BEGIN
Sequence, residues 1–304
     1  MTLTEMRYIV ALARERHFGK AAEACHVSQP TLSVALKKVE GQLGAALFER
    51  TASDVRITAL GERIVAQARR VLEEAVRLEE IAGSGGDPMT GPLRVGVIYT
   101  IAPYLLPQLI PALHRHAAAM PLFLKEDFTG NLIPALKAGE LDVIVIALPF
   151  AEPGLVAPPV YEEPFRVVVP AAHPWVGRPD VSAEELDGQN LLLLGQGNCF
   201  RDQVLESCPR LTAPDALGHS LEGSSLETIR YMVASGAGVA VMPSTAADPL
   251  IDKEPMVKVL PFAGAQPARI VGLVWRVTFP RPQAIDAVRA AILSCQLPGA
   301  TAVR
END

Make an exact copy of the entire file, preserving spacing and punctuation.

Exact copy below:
Sequence, residues 1–304
     1  MTLTEMRYIV ALARERHFGK AAEACHVSQP TLSVALKKVE GQLGAALFER
    51  TASDVRITAL GERIVAQARR VLEEAVRLEE IAGSGGDPMT GPLRVGVIYT
   101  IAPYLLPQLI PALHRHAAAM PLFLKEDFTG NLIPALKAGE LDVIVIALPF
   151  AEPGLVAPPV YEEPFRVVVP AAHPWVGRPD VSAEELDGQN LLLLGQGNCF
   201  RDQVLESCPR LTAPDALGHS LEGSSLETIR YMVASGAGVA VMPSTAADPL
   251  IDKEPMVKVL PFAGAQPARI VGLVWRVTFP RPQAIDAVRA AILSCQLPGA
   301  TAVR